Using a systematic approach is key for evaluating a focal bone lesion. The ultimate goal should be to provide a definitive diagnosis; however, in many instances, this is not possible. Nonetheless, one should aim to provide a short, logical differential diagnosis and to comment on whether the lesion can be left alone as a “do not touch” lesion or whether additional workup is necessary. The analysis should begin with the patient’s age and the location of the lesion, since these two factors play such a significant role in determining the differential diagnosis. Next, assessment of specific lesion characteristics can be used to help narrow the differential, i.e., the lesion’s pattern of bone destruction and lesion margins and the presence of any matrix mineralization, periosteal reaction, or soft tissue component. If multiple lesions are present, that fact can help to refine the diagnosis even further. For example, the presence of multiple lytic lesions in an older individual would lead one to suspect metastatic disease or multiple myeloma. One should also search for relevant secondary findings, such as diffuse osteopenia in multiple myeloma or subperiosteal resorption and acro-osteolysis in hyperparathyroidism, and should consider relevant clinical information, such as a history of malignancy supporting a diagnosis of metastasis or fever and erythema supporting a diagnosis of osteomyelitis.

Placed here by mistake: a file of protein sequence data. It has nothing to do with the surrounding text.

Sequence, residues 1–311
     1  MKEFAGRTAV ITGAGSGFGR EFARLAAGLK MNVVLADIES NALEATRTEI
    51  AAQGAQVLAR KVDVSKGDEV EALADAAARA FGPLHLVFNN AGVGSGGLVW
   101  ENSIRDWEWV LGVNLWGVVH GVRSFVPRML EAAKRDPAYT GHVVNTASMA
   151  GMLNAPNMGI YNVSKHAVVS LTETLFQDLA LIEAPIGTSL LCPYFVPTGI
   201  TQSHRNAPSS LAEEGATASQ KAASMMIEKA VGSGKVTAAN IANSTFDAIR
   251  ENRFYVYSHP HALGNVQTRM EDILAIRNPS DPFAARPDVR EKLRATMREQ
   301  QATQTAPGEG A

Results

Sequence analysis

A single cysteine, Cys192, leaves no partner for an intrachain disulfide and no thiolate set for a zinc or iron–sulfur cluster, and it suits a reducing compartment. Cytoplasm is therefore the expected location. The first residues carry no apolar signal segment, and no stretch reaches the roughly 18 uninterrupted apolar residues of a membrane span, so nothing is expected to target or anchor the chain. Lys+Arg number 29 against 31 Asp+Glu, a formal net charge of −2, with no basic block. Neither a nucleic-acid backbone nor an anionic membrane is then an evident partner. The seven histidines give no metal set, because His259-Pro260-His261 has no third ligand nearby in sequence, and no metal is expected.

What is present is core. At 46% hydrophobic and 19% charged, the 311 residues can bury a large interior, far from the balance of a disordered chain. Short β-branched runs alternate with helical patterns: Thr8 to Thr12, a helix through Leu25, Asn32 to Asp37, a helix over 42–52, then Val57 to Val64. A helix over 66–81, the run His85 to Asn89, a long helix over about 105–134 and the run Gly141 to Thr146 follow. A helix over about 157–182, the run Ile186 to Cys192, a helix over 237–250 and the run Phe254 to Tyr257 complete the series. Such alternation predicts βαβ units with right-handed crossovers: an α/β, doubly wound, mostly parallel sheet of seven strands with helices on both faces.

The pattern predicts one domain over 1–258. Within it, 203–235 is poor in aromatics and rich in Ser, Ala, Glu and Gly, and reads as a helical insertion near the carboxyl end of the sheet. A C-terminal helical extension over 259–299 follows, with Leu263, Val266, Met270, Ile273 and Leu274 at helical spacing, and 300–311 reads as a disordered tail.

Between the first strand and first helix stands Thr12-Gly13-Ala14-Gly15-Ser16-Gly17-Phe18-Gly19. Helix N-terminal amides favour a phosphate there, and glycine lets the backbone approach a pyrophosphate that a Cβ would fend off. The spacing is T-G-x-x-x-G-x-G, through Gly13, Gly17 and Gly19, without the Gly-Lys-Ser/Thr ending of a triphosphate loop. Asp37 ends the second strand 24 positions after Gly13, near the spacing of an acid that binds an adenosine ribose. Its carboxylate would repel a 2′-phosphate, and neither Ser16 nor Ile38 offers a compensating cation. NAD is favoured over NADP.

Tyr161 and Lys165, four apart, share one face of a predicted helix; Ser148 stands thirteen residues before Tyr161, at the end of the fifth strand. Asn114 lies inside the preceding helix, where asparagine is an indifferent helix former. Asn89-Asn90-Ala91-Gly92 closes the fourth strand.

KeywordsMultiple Myeloma Bone Lesion Bone Destruction Fibrous Dysplasia Giant Cell Tumor
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